GUEST BLOG: Tim Hegarty is a Division Commander with the Riley County Police in Kansas, adjunct instructor at Kansas State University and expert in police innovation. He is also a Certified Level II Instructor in problem-based learning. Here he reviews the Criminology of Place.
“Neighbors next door are more important than family far away.”
How important? This Chinese proverb opens The Criminology of Place by Weisburd, Groff, and Yang in which the authors present compelling evidence regarding the connection between crime and place based upon 16 years of crime data in Seattle.
Some numbers may be familiar from Weisburd’s earlier work, particularly the finding that roughly 5 percent of the street segments accounted for 50 percent of the crime. Other numbers not so much.
Overall they show both how strongly crime is connected to place and how stable crime remains at most places over long periods of time. So strong and stable that during the study’s 16-year period the concentration of crime stayed almost the same throughout the entire city.
Surprisingly, Seattle’s 24 percent drop in reported crime during that time was the result of significant decreases at only 12 percent of its street segments!
Their research reinforces the importance of place in addressing crime and I highly recommend it to everyone with an interest preventing crime. One conclusion should strike a chord with the regular readers of this blog:
“[Crime] prevention through deterrence is not enough… Police officers must be given the support and training to allow a problem-solving orientation to develop. Our results indicate the importance of the social and the physical environment in understanding why some street segments and not their neighbors suffer from high crime rates. These findings provide evidence that police should take a more holistic approach to addressing crime problems... ”
To police agencies that haven’t yet spent huge amounts of taxpayer funds on predictive policing software...this advice: Save the money!
Absent some fundamental change in the physical or social environment, the best predictor of the location of future crime problems is the location of past crime problems. Working with the neighbors next door, as we see reported in Greg’s blog, is one of the best ways to do this.
The latest tactical urbanism in San Francisco is called the Market Street Prototyping Festival. It symbolizes the 21st Century form of public engagement. Public engagement is a linchpin for success when it comes to placemaking, SafeGrowth and all sorts of good things urban. Safety and crime prevention too depend on it, at least if you believe in life beyond target hardening.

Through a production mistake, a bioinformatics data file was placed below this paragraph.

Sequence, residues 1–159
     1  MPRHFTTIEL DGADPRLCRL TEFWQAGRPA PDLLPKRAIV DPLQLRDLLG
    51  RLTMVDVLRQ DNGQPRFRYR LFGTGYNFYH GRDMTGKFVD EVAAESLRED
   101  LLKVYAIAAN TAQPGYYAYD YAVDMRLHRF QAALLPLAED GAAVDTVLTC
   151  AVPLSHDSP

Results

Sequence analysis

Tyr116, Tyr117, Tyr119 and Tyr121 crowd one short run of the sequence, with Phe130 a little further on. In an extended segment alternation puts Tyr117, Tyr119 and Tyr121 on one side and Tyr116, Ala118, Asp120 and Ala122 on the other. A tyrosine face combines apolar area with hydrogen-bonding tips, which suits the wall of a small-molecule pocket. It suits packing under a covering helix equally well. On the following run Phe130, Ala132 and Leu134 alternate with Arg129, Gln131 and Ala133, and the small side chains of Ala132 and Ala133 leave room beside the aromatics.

Tactical urbanism is the key.
Tactical urbanism, coined from the book with the same name, is what Portland has been doing for ages during the Intersection Repair projects. It is a low-cost and learn-by-doing strategy reminiscent of so many social action strategies of the 60s except this time the result is physical changes within neighborhoods that avoid long planning processes.
San Francisco is the latest to try tactical urbanism by welcoming artists, urban designers and others to set up their innovations along Market Street. A few selections occupying the upper register of my cool-o-meter: Data Lanterns that glow brighter to announce arriving trains, metal walls that turn into a musical instrument on touch, and street seats made from compacted mushrooms for composting afterwards.
The recent story of LAPD Sergeant Deon Joseph triggered a flashback this week. For 17 years Sergeant Joseph has worked in the skid row of Los Angeles, a cluster of streets with over 3,500 homeless in a city of over 50,000 homeless. The YouTube "Stories from skid row" says it all.
My flashback was to a conference years ago in Vancouver. I was in the audience listening to a well known journalist describe stories about policing. It was one of those ah-ha moments, at least for the audience.
First he told stories about his personal experiences about officers he knew or came across on the street. They were positive stories about how those officers were conscientious and diligent. People needed help and the police showed up to help. It was all very glowing.
Then he told stories about rotten apples and police misconduct. They were stories from headlines in other parts of the city or from other cities. He had read those stories in the press and recounted them to us. His conclusion? There are two different sides of police work.
THE REAL STORY?
I pointed out to him that every positive story he told came from his life experience but every negative story came from the press. He knew his personal stories were true. So wasn’t he concerned that the press stories might be incomplete or biased? Nope! He seemed oblivious, probably because my point was more about the quality of journalism than the quality of policing.
There are plenty of negative stories about police. The federal investigation this week concluded racism is a part of the Ferguson police story. Also this week there was a tragic police shootings of a homeless man in Los Angeles. There are plenty of bad stories.
Yet occasionally the opposite shows up like the YouTube above or the NPR radio show that shines light on the complexities in Skid Row. No doubt those positive stories are forgotten in the bad press of the day. But the remarkable account of Sergeant Joseph and all his partners' exceptional work on Skid Row is important. That too is part of the real story.